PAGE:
• Richard Aubrey says:

              According to several histories of the Korean War, Norks drove masses of civilians against UN positions in the first months. There are tactical reasons for this which don’t need to be discussed, but they obviously worked in one way they were supposed to.

            • Richard Aubrey says:

              Further to No Gun Ri

              http://formerspook.blogspot.com/2008/05/ghosts-of-no-gun-ri.html

              Couple of years ago, in Springfield, IL, my wife and I were looking at Lincoln’s home, and thence to his tomb. There was a Korean family at the first place. I presume it was a family with some extra aunts and uncles. Saw them at the tomb, too.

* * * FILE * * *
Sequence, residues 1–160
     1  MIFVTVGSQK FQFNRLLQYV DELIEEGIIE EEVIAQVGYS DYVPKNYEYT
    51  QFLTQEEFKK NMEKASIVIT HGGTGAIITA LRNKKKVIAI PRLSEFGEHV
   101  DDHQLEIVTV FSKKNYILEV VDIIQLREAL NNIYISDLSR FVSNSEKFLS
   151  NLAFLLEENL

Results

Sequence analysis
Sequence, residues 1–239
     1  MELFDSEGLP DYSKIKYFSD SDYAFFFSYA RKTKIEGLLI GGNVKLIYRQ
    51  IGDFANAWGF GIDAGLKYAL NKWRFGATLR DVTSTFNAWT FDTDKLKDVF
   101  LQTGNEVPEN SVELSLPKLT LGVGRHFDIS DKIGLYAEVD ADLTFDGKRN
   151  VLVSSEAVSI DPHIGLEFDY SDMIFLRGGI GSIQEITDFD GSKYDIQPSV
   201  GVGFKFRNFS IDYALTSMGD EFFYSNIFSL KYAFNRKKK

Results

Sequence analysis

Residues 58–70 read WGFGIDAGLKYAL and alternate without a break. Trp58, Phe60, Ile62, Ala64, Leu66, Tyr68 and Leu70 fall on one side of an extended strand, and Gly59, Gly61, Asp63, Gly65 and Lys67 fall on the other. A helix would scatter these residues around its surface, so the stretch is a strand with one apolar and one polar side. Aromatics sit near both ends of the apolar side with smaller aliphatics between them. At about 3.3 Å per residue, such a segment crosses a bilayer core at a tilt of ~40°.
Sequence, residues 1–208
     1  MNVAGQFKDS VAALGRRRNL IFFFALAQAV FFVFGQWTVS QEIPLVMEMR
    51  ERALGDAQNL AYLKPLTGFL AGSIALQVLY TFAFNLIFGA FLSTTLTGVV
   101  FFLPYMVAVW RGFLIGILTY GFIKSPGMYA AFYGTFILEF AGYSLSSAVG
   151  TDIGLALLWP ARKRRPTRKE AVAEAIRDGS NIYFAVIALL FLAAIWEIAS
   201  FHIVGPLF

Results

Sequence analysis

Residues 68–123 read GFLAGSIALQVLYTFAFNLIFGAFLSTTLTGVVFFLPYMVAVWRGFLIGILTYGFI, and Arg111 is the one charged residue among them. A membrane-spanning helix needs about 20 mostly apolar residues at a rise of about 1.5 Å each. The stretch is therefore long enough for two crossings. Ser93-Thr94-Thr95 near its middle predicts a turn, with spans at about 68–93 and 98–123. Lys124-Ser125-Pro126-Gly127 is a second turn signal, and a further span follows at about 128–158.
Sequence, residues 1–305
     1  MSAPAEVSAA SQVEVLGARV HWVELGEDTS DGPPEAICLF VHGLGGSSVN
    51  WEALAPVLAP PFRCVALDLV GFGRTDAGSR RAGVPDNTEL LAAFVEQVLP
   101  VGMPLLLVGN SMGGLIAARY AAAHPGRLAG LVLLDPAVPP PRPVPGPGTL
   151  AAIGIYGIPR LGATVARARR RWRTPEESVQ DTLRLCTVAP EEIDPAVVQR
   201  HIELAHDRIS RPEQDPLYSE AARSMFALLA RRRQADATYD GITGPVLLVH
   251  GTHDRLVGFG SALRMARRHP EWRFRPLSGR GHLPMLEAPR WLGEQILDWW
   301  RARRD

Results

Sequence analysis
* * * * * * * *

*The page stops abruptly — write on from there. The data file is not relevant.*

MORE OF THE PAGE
One of them went to the nearby Korean War Memorial which had a slanted side about chest high. He clapped his hands over his head–supposedly the way some Buddhists get the attention of the gods–and leaned his body against the memorial. There was a walkway to the Memorial with purchased bricks in it. Korean veterans (Korean vets of the war), Korean corporations, Korean individuals, all represented in the bricks.
              Then there’s Psy.

            • Richard Aubrey says:

              Rob. It was a joke. Graven is parodying the results of teaching history in US schools.